8.     “You can use this experience to…” Yes, someday a person who has lost a child might be able to write a book, or a person who survived a trauma may become a motivational speaker to others with similar experiences. But now is NOT the time to remind them of this. When a person is in crisis or is grieving, they want support in the here and now. They don’t want to (and really don’t need to) think about how this experience will help them in the future.

9.     “I know exactly how you feel.” Simply put… no you don’t! You may be able to image how they feel, or imagine how difficult a situation might be for them, or what a situation might feel like if you were in the middle of it. But you can never know exactly how someone feels because no two people’s experiences with grief and loss are the same. Two people may have lost a parent, but their experience with death will be different, because their relationship with their parents is unique to them, their relationships with their surviving family are unique, and their experience with death in the past is unique.

10.  “What doesn’t kill you, only makes you stronger.” As Dr. Alan Wolfelt, author, educator and grief counselor, might say, “True, but not helpful.” Sickness, grief and loss affect all aspects of our being: physical, cognitive, emotional, social and spiritual. [4]  When we walk with the bereaved, we need to honor their darkness and let them work through it, not feel the need to push them into the light or future if they aren’t ready.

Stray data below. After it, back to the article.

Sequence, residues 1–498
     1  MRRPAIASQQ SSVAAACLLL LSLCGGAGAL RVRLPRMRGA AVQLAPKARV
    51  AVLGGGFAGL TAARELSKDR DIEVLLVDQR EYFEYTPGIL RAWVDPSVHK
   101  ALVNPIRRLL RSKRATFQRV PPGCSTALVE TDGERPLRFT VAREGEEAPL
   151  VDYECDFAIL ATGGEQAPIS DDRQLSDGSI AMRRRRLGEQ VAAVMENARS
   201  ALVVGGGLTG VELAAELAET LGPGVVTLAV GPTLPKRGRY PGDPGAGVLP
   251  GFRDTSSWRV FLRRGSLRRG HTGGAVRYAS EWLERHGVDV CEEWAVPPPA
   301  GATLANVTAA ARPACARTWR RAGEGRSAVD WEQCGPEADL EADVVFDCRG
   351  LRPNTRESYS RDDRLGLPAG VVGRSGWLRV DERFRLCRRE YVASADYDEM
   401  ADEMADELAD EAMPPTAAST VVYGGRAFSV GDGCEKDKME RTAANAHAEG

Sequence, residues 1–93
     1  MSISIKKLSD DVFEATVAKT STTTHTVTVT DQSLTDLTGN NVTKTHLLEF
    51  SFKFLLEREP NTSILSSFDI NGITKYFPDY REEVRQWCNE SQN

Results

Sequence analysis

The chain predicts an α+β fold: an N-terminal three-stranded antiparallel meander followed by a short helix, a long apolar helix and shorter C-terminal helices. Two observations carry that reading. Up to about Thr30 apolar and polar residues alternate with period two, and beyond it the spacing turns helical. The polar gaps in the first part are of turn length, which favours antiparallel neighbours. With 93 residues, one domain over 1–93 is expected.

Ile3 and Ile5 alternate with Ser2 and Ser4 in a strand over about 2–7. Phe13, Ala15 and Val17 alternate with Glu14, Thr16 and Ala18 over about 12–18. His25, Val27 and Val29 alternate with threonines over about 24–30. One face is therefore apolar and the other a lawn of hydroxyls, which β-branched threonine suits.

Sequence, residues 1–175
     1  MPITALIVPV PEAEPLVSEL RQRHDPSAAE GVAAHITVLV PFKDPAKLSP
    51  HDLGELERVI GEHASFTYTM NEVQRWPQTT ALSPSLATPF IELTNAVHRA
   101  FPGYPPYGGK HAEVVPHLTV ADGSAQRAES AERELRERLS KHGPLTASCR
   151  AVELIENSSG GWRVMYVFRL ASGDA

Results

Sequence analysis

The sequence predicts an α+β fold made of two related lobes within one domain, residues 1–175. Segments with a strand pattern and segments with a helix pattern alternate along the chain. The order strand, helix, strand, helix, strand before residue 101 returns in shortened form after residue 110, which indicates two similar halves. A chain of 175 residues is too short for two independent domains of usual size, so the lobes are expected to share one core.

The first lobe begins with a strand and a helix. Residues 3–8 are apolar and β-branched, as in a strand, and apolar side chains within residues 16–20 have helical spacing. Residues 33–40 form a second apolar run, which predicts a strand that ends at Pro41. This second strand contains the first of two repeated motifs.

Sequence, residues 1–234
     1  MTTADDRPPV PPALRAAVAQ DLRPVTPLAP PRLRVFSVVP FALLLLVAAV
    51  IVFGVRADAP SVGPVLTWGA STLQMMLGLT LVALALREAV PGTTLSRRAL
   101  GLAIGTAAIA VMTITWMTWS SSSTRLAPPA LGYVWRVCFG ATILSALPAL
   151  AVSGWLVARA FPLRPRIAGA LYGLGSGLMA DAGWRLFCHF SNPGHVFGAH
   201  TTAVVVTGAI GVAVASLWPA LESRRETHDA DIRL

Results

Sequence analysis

After reading this list, please don’t fret if you have said some or all of these things to someone faced with grief or loss. Give yourself some grace that you were doing the best you knew how to do. I hope that the next time someone is vulnerable with you, you’ll remember this list and do your best to avoid the NOT Top 10. Be on the lookout for next month’s article that will offer some suggestions of what TO say and do when supporting someone who is sick, grieving or faced with loss.


[1] Brenè Brown on Empathy, https://www.youtube.com/watch?v=1Evwgu369Jw

[2] Bowler, Kate. Everything Happens for a Reason: and Other Lies I’ve Loved. Random House, New York, 2018.

[3] Bowler, Kate. Ibid.

[4] Alan Wolfelt, The Art of Companioning the Mourner; Workshop hosted by Hospice of Davidson County, 10/17/18

We all have a part to play